• Had a tendency to want to go five under in the 55/65 zones, but ten over in the 35s.

And then I drove to Petit Jean State Park for camping.


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Cathedral Canyon Hike in 16 Photos (Day 112)

November 7th, 2009 2 comments

Because 16 is only one away from being a prime number.

cathedral_canyon 1

cathedral_canyon 2

cathedral_canyon 3

cathedral_canyon 4

cathedral_canyon 5

cathedral_canyon 6

cathedral_canyon 7

cathedral_canyon 8

cathedral_canyon 9

cathedral_canyon 10

cathedral_canyon 11

cathedral_canyon 13

cathedral_canyon 14

cathedral_canyon 15

cathedral_canyon 16

cathedral_canyon 17

Really enjoyed the hike. You go off on a dirt road in the middle of a bunch of farms, hang a left on another dirt road, hike three-tenths to the unmarked trailhead, then hike a mile or so till you’re at the bottom of the canyon. Then you do whatever you want to. There’s no trail, so most of the hiking is in the river. I love hiking in rivers. There aren’t any other people around either. Love having no people around.

  • I probably hiked a total of seven miles — about half of those in the water.
  • When you get to the river, you can delay the inevitable for a little bit, but: you’re gonna get wet.
  • I never got wet above my waist.
  • I should’ve brought an extra pair of socks for the hike back — it worked out okay, I didn’t get trenchfoot.
  • Not a lot of animals here: a few schools of finger-length fish and a frog.
  • Supposedly there are also timber rattlers here, but alas, none were sighted.

Reminded me of Virgin River Narrows, what with the walking through the river and all. It’s not as dramatic, but whatever. The cliffs do rise up 100 feet or so above the river; the pictures don’t do the canyon justice, despite the quantity. Still: very pretty, very relaxing, highly highly recommended for anyone happening through southeastern Missouri.


Categories: south Tags: , , ,

Welcome to Missouri, the Show Me State (State #40)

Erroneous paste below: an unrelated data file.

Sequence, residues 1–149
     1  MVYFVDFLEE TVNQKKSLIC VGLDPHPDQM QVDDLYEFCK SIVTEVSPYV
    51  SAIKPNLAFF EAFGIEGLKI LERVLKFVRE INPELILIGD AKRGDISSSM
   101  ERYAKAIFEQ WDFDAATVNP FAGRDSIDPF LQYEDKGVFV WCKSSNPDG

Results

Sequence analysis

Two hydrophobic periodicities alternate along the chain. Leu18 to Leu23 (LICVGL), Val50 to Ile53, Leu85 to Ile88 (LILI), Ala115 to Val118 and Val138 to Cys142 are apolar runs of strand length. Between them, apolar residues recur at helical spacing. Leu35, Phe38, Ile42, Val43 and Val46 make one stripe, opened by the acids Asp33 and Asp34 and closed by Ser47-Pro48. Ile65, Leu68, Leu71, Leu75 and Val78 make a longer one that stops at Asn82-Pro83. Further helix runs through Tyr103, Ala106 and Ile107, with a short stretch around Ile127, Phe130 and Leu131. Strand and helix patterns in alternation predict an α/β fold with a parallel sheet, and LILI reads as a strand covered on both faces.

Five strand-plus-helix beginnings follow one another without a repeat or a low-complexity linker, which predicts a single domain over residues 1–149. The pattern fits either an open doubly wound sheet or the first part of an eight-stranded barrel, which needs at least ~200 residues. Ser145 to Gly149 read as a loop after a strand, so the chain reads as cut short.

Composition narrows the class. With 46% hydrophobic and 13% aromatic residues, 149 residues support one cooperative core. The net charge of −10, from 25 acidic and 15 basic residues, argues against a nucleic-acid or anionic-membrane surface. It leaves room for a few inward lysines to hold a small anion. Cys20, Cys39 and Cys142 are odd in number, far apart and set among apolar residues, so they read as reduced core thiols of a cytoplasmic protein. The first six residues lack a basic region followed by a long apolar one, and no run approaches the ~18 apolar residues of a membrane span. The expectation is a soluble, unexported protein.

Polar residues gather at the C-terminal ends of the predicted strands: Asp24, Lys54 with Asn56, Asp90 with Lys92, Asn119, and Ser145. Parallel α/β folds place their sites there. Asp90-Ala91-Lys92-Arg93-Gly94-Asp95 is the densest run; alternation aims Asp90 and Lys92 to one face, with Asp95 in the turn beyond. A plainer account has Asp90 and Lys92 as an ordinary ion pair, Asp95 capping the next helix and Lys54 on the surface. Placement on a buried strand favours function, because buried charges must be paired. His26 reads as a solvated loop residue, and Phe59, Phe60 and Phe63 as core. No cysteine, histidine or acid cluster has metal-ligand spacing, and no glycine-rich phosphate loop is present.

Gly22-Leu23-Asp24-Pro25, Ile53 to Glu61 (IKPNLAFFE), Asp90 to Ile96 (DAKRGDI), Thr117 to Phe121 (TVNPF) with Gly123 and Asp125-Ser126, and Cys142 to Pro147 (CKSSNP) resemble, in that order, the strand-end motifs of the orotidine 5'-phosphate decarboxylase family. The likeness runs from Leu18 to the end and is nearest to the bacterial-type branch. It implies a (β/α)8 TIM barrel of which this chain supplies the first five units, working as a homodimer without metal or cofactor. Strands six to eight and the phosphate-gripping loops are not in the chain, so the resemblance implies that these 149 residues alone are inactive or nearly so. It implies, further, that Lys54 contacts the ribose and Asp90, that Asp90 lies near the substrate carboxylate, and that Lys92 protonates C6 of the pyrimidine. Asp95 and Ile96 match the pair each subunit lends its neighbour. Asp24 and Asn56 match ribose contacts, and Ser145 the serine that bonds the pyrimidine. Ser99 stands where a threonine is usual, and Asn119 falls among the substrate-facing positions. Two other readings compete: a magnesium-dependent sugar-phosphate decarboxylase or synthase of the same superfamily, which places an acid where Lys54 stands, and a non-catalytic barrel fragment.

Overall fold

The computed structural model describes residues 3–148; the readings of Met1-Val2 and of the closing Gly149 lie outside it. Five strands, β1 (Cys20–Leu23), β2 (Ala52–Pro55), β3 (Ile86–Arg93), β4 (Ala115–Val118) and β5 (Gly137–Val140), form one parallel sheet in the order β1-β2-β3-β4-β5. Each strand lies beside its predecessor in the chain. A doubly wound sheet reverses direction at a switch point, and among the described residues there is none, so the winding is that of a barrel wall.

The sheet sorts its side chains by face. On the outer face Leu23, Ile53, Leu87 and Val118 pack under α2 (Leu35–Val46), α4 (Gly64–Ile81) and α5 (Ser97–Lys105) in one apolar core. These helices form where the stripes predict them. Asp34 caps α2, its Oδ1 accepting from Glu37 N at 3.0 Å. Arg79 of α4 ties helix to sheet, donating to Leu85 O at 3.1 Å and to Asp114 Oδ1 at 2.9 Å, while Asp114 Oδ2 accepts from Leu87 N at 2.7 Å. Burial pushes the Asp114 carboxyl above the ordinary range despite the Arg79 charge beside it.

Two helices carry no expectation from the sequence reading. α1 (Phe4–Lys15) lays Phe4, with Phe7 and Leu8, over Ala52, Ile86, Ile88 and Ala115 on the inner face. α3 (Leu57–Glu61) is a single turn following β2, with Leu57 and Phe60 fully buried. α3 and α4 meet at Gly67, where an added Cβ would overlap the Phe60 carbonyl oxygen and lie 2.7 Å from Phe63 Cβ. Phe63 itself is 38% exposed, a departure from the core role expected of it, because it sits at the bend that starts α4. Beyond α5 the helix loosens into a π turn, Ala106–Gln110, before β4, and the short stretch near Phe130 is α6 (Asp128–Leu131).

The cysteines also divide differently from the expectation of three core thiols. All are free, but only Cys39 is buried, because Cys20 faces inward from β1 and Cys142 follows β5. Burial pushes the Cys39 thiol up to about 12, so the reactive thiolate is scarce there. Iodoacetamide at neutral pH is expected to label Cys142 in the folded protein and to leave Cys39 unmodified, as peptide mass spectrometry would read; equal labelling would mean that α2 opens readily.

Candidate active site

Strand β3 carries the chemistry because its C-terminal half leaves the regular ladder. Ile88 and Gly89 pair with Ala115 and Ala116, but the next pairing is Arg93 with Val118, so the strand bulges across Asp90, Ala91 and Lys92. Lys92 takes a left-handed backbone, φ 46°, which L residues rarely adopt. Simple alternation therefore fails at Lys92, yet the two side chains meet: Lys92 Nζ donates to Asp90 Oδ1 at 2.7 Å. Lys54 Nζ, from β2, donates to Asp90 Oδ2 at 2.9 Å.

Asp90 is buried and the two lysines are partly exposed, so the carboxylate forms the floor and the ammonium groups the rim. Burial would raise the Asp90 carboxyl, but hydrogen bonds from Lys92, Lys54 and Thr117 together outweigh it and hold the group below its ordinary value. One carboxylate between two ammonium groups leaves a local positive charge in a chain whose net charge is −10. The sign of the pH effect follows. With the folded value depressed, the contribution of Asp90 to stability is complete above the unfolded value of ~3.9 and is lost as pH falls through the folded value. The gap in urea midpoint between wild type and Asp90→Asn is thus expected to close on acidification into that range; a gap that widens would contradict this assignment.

November 6th, 2009 Comments off

The big four-oh!

welcome_missouriYou can kind of see the “O”.

I remember back at the beginning of the trip I was thinking that I wasn’t taking good enough care when photographing the welcome signs and that, later on during the trip, I would realize their importance, start taking fantastic welcome sign shots and deeply regret not having done a more thorough job from the outset. Anyway: not so much.


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Mammoth Cave: The Historic Tour! (Day 111)

November 6th, 2009 3 comments

The one tour you’re supposed to go on at Mammoth Cave is The Historic Tour. It’s the one that people have, historically, gone on. The history involved primarily has to do with the history of cave touring at Mammoth Cave. I’m not kidding.

But first, here’s a deer:

mammoth-cave_deer-in-leavesTired from a night of partying with the cave trolls.

And then this also came before the cave:

mammoth-cave_pardon-progressThere *is* no excuse for progress.

And *then* I went on the tour.

mammoth-cave_big-chamberIt’s called “Mammoth Cave” because it’s big (it’s the longest cave in the world).

mammoth-cave_fat-mans-miseryRemember that one Simpsons where they re-build Ned’s house?

mammoth-cave_graffiti19th-century graffiti artists had much neater penmanship.

mammoth-cave_chasmTarget practice for rock-droppers.

mammoth-cave_exitDaylight at last!

People on this tour had a hard time not standing on the rocks. OTOH, the guide stood on rocks, so why shouldn’t the tourists? The guide also said that the National Park belongs to *us* (as opposed to belonging to the government). I didn’t engage, but I really, really wanted to. Discretion and valor, etc.

Historical facts:

  • They mined saltpeter here for the War of 1812, also known as the Second War of American Independence.
  • Originally, tour guides were all slaves.